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    7 Exhibitions to See Around Town During Art Basel 2022, From a Survey of Piet Mondrian to Moody Figuration by Michael Armitage

    If you’re headed over to Switzerland for Art Basel, you know that this year’s edition of the fair isn’t the only show in town. Basel, a marvelously museum-rich city, has all kinds of other delights in store. Here’s a roundup of what not to miss on your trip.

    “Brice Marden: Inner Space“Kunstmuseum BaselThrough August 28
    Brice Marden, Second Window Painting (1983). © 2022 ProLitteris, Zurich.
    More than 100 works by the American painter Brice Marden, revered for his fusion of expressionist gesture and Minimalist rigor, come together for this exhibition at the Kunstmuseum Basel. Most of the pieces, made between 1972 and 2019, are on paper, but the show also includes eight paintings and a special selection of works from the artist’s collection, including never-before-seen pieces.

    “Mondrian: Evolution“Fondation BeyelerThrough October 9
    The conservation studio at the Fondation Beyeler, with paintings by Piet Mondrian. Photo courtesy Fondation Beyeler and La Prairie.
    To mark the 150th anniversary of the Dutch avant-gardist’s birth, the Fondation Beyeler has organized a retrospective looking at Mondrian’s earliest abstract experiments, in which he painted windmills and seascapes, through his radical reinvention of painting with his Neo-Plastic canvases, which he began in the 1920s.

    “Michael Armitage: You, Who Are Still Alive“Kunsthalle BaselThrough September 4
    Installation view, Michael Armitage, “You, Who Are Still Alive,” Kunsthalle Basel, 2022, featuring The Perfect Nine, 2022. Photo: Philipp Hänger/Kunsthalle Basel.
    New works by Kenyan-born artist Michael Armitage are the focus of this show, his first in Switzerland. Per the museum, the “moody, sumptuously layered figurative paintings” are intended as meditations on civil unrest, political uncertainty, and the enduring spirit of humanity.

    “Jean Jacques Lebel“Museum TinguleyThrough September 18
    Installation view of the Jean-Jacques Lebel show. Photo: Daniel Spehr.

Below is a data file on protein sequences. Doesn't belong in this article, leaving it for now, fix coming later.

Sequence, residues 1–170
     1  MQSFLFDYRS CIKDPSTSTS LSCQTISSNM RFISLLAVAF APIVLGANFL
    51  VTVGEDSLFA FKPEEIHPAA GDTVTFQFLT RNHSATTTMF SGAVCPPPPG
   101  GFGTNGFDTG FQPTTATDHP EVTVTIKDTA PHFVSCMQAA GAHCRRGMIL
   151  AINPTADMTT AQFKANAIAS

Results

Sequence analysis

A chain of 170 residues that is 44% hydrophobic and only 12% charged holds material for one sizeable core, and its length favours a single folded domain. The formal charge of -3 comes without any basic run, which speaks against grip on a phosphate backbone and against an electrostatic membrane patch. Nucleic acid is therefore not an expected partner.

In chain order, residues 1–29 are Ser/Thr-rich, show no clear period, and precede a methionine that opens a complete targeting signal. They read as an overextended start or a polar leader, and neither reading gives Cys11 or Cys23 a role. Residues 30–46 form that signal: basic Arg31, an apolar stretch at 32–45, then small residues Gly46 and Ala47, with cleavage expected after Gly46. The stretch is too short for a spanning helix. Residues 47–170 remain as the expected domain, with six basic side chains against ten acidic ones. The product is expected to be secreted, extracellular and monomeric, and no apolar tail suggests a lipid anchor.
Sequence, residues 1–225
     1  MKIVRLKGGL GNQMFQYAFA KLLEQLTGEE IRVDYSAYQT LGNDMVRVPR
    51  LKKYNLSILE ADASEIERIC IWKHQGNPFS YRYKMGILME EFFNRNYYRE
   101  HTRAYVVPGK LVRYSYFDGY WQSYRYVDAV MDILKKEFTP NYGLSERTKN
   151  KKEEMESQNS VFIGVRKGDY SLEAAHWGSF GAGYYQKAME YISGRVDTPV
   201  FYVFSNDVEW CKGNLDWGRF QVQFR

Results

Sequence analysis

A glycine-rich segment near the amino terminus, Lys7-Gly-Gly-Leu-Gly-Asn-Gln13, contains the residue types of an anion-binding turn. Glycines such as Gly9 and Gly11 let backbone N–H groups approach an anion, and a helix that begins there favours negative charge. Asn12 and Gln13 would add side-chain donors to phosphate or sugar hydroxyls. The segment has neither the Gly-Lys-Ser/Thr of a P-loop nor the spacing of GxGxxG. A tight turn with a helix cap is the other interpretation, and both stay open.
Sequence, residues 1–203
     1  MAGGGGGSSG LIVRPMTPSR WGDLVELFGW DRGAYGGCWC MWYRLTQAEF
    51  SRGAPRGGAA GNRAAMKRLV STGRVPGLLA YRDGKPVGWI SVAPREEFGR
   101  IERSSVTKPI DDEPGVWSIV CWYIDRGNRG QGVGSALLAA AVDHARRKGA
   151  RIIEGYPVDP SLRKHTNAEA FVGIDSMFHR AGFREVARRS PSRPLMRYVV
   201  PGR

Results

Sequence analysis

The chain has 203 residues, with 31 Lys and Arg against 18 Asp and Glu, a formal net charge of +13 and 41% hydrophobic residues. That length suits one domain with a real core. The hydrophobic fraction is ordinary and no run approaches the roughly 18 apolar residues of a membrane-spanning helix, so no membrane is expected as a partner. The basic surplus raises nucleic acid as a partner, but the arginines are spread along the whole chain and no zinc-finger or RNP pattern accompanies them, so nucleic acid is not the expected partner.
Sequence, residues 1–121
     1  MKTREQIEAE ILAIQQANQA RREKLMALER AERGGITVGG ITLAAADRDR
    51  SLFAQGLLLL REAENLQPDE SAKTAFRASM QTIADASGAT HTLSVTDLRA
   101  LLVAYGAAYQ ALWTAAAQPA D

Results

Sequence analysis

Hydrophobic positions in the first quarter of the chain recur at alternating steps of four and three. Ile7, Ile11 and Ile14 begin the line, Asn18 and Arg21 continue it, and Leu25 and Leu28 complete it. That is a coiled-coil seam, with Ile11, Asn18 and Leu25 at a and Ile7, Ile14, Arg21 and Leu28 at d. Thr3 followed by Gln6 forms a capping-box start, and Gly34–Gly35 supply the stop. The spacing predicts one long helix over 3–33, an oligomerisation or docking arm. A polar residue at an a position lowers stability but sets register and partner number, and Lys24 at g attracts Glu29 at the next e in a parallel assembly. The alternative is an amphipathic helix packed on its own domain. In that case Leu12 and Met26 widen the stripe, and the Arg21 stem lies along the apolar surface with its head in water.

Jean-Jacques Lebel, an early Happenings artist, was instrumental in organizing a memorial service in 1960 in Venice for the murdered artist Nina Thoeren, during which a sculpture by Jean Tinguely was interred in the lagoon. That event—later deemed by Allan Kaprow the first European Happening—is the subject of this exhibition, which also includes later works by Lebel, such as a video installation looking at images of women in art and society.

    “Plastic: Remaking Our World“Vitra Design MuseumThrough September 9
    Panasonic Toot-a-Loop R-72S radio, 1969–72. © Vitra Design Museum. Photo: Andreas Sütterlin.
    This show, organized with the V&A Dundee and the Museum of Art, Architecture and Technology in Lisbon, looks at the ways in which plastics have shaped our lives, from electrical conductors to Lego blocks, and how they’ve evolved from a symbol of carefree consumerism to a signal of overconsumption and unsustainability.

    “Napoli Super Modern“Swiss Architecture MuseumThrough August 21
    Photograph by Cyrille Weiner, from the series “Assimilation douce,” Napoli, 2020.
    The city of Naples—its history, culture, and role in the public imagination—comes alive through this exhibition focusing on its unique architecture, organized by Benoit Jallon and Umberto Napolitano, who together run the Paris-based studio LAN. Among other exhibits, the show features photographs by Cyrille Weiner, who documents the specifically Modern aesthetic that rose out of postwar reconstruction in the city.

    “Picasso–El Greco“Kunstmuseum Basel-NeubauThrough September 25
    Pablo Picasso, Mme Canals (Benedetta Bianco) (1905).
    The influence of the Greek artist El Greco on Picasso is the subject of this show, which includes landmark loans from international collections. The exhibition—curated by Carmen Giménez, with Gabriel Dette, Josef Helfenstein and Ana Mingot—makes the case that respect for the iconoclastic artist, forgotten for years after his death, was revived in the early 1900s in large part by Picasso’s fascination with and celebration of the artist.
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    Never-Before-Seen Sketchbooks of Drawings Picasso Made With His Daughter Maya Go on View in Paris

    The Picasso Museum in Paris is staging an exhibition of never-before-seen works by the Spanish master, bequeathed by his eldest child, Maya Ruiz-Picasso, in 2021.
    The show features nine major works by the artist and personal family items dating from 1895 to 1971. The selection includes drawings, paintings, photographs, ephemera, a coloring in book, and an adorable how-to-paint book that the artist and his lover Marie-Thérèse Walter made for Maya.
    Maya Picasso, Maya au bateau (1938). Photo © Succession Picasso 2022.